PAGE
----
Matchmakers Operate Under Semi-Suspicious Official Eye

MATCHMAKER Guo Zhiyong knows he may be pushing the limits of official tolerance in arranging international marriages. But as manager of the Beijing Bridge International Marriage Service Center, he says being in the forefront of China's newest fad is worth the risk.

"In the past, this market existed in China, but such a business was very sensitive," says the businessman, who started the agency with savings from two years in Australia. "Because of political conditions, the government didn't encourage overseas contact and had close watch on foreigners."

"Now the government doesn't exactly encourage such a business, but it doesn't discourage such a business either," he says. "I have hired good lawyers so I can assure customers that nothing is mishandled."

As a sign of quickening commerce and economic opening, international marriage brokers - backed up by computers, legal experts, and business connections to overseas agencies - are spreading across officially communist China. With foreign spouses in growing demand among Chinese, the brokers, some of whom are licensed, contend they are more reliable than the age-old system of individual go-betweens still widely used. Charging fees that can run to hundreds of dollars, brokers say there is a growing market am ong Taiwanese, Hong Kong residents, Japanese, and even Westerners looking for a Chinese bride.

To critics and some government officials, however, the trend signals a return to the bad old days before 1949, when China was part of the region's flourishing trade in Asian brides and prostitutes. Critics say it also indicates a new, troubling effect of China's rush to get rich. In China, as in many other Asian countries, the main customers of marriage brokers are poor, rural women who see marriage to an older foreigner as an easy ticket to overseas residency or a more comfortable life.

`A FEW years ago, there emerged a guerrilla force of international matchmakers for the purpose of moneymaking," commented a newspaper in Sichuan province, Factory Director and Manager Daily, reporting on the network of quasi-legal marriage go-betweens.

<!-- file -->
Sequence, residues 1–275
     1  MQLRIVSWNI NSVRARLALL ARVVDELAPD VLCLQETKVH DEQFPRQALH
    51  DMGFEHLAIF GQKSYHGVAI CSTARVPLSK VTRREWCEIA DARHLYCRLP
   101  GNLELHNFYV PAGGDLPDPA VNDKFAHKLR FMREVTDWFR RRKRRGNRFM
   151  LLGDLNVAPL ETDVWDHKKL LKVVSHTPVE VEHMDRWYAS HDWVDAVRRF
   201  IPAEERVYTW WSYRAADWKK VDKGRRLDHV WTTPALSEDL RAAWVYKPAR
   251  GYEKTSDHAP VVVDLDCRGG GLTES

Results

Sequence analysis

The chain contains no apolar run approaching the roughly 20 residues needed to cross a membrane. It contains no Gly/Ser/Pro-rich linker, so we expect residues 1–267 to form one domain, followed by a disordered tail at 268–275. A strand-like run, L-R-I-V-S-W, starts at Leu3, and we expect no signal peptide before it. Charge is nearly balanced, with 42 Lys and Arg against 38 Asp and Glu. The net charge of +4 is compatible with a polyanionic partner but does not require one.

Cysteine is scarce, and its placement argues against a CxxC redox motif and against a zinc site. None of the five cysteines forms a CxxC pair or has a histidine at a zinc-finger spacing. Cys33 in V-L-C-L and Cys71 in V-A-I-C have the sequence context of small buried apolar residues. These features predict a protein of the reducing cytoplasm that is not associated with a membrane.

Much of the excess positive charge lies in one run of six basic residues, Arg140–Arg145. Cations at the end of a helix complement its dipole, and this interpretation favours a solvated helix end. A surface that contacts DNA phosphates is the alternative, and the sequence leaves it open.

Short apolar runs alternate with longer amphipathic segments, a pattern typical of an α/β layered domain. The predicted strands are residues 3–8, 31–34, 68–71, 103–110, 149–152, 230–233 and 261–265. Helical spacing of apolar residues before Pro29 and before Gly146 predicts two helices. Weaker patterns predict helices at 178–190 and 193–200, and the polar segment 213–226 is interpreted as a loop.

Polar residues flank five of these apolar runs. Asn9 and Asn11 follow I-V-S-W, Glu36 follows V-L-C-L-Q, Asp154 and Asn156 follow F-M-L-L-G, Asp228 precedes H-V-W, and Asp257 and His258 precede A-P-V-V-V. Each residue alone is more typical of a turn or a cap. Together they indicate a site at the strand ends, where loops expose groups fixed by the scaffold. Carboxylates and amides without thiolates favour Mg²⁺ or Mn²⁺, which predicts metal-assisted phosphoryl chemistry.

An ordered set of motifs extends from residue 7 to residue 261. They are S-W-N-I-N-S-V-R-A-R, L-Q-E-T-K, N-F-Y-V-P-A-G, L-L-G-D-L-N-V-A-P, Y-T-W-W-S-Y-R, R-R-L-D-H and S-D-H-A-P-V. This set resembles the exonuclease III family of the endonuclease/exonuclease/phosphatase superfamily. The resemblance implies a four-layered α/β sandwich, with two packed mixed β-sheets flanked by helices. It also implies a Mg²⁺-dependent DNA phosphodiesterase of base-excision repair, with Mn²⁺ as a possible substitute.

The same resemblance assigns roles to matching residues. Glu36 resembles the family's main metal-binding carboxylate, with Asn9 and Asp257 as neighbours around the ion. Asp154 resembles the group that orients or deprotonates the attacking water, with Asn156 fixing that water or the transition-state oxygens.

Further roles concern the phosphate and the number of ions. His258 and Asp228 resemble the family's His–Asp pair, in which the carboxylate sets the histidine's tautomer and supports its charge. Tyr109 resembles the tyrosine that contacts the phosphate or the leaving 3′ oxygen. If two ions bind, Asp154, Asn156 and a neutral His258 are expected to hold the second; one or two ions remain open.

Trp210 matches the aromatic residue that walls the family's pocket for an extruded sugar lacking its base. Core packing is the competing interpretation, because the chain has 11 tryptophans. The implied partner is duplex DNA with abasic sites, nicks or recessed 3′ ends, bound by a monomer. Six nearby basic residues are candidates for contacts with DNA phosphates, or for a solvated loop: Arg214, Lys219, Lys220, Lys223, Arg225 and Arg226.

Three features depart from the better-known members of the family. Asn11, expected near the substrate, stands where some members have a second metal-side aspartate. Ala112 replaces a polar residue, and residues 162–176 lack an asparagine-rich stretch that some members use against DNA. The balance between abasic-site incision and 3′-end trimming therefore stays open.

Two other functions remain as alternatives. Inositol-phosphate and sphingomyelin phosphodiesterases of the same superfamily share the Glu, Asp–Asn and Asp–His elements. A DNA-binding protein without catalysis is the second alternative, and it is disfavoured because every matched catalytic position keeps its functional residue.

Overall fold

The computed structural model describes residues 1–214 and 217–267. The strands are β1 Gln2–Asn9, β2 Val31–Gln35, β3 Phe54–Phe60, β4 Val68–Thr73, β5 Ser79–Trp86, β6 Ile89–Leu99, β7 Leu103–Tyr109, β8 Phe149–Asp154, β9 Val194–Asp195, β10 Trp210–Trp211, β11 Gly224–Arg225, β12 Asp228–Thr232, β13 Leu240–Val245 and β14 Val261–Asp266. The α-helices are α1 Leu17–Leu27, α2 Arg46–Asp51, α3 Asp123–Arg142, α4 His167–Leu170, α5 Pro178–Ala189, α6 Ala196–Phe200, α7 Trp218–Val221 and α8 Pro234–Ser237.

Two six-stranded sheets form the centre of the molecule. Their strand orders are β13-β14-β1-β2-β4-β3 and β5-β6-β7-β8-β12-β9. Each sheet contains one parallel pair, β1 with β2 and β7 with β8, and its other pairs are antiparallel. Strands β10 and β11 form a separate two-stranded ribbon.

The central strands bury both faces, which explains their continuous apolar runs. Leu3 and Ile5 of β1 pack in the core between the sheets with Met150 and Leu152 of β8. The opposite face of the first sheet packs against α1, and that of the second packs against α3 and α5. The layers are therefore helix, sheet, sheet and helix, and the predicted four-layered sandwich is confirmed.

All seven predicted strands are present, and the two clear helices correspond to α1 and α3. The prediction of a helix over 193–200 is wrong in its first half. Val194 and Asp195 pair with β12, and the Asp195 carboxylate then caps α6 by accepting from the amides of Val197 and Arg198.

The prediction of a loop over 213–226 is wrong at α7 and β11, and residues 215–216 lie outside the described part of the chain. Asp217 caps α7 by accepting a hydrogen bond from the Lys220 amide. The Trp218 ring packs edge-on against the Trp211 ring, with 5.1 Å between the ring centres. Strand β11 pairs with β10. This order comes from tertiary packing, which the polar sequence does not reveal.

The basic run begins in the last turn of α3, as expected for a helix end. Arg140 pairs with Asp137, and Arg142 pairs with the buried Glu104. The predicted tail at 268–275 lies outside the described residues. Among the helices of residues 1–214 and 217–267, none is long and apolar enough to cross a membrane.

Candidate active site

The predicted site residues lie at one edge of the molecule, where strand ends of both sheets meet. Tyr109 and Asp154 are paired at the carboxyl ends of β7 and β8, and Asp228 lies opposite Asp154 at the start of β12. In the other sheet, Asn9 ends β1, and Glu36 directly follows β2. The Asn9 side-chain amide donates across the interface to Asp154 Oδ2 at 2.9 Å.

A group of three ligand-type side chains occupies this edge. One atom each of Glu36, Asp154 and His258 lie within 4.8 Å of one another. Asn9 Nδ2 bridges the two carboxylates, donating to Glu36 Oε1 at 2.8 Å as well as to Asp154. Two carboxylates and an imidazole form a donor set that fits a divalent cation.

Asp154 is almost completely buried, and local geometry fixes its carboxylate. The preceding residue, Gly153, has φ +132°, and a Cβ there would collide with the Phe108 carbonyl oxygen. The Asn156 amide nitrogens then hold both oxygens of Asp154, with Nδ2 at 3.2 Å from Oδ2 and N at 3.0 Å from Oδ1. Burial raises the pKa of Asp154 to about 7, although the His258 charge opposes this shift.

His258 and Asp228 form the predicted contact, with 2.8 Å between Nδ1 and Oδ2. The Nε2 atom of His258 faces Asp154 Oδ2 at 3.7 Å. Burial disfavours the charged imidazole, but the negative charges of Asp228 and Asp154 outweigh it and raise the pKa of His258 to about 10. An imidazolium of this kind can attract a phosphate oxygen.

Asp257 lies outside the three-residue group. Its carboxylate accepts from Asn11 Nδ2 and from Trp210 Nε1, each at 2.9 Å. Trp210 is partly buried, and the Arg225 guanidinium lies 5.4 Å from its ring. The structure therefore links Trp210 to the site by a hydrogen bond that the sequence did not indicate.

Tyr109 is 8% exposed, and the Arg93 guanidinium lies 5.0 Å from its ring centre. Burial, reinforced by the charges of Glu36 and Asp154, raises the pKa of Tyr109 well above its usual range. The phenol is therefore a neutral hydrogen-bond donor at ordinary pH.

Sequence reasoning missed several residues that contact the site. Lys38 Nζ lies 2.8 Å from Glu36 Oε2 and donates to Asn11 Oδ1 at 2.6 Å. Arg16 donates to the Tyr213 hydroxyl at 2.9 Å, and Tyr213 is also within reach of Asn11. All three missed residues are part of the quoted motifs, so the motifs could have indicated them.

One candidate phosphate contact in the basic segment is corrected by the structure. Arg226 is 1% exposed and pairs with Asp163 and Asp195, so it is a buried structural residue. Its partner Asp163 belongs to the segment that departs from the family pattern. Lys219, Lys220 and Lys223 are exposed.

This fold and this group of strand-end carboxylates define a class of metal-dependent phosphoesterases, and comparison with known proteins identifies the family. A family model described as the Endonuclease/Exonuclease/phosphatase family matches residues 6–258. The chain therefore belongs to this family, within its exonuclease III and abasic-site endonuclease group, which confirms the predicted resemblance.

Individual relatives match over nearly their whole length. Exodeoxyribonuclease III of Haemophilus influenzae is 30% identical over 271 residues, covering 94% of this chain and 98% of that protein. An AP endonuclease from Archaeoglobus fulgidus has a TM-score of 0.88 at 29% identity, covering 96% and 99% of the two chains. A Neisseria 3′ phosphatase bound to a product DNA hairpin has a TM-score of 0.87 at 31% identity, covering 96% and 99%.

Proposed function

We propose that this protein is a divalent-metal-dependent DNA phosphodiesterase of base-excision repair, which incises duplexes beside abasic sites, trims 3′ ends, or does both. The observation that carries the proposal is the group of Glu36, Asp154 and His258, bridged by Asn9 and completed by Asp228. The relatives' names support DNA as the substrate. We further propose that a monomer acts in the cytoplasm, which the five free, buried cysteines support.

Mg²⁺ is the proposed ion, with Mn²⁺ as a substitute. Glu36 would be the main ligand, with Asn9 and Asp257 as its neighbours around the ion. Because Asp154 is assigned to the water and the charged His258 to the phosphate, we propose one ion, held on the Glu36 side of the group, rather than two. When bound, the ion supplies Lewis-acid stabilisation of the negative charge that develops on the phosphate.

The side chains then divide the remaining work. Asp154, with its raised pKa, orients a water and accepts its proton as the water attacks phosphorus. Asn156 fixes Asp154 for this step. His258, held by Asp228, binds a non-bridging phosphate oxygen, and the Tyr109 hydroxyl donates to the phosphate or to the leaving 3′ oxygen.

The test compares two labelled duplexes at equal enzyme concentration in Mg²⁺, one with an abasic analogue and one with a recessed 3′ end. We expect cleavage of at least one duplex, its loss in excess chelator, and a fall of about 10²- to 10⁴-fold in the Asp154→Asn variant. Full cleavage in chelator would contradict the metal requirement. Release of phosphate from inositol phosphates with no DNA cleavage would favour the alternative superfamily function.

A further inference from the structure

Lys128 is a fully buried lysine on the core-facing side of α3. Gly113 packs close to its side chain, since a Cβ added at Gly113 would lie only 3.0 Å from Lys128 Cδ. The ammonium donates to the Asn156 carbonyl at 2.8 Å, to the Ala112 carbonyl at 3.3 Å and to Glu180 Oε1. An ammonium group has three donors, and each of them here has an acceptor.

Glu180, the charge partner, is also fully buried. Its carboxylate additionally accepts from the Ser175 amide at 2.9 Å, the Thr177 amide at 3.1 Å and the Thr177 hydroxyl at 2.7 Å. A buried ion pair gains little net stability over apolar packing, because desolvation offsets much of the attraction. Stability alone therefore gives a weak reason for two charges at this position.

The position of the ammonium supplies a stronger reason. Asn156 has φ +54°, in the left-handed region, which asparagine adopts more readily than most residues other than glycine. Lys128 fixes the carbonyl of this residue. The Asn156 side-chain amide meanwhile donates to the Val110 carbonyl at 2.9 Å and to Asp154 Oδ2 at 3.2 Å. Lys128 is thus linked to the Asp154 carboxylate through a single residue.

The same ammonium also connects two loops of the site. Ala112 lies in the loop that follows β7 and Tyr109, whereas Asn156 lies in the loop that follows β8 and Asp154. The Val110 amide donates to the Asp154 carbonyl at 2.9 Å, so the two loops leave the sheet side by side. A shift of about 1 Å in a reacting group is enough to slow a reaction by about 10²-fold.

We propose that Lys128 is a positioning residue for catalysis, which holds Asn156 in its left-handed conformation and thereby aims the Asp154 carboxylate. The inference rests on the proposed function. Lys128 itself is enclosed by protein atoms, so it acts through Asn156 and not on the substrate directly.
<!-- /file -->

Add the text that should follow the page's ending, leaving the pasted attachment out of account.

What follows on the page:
"The business of international matchmaking has become commercialized, and such marriages are, to a certain extent, buying and selling," the newspaper said, estimating that more than half of the matches in the provincial capital, Chengdu, end in divorce.

In recent months, the Chinese media have been full of reports of overseas marriage agencies opening throughout the country, often with an official wink or even approval from government agencies. Now, though, Beijing is showing signs of impatience.

Recently the central government said it would take a tougher line on matchmaking agencies. Contending that some Chinese brides have been sent to remote places overseas, or even to brothels, the government said that agencies would be strictly screened, urged travel agencies not to arrange bride-seeking trips for foreigners, and warned newspapers and magazines not to publish ads seeking Chinese spouses.

For two months, China Women's News, the respected publication of the official All-China Federation of Women, ran a matchmaking column But a group of Chinese brides in Japan, disappointed that their new husbands were modest farmers and not well-heeled businessmen, came to the attention of the Chinese government. The column was canceled.

Mr. Guo, the Beijing marriage broker, claims he carefully screens the women before enrolling them in his computerized agency. However, just in case, before the bride leaves China, he briefs her on what to do if there's trouble and gives her the name of a local lawyer.

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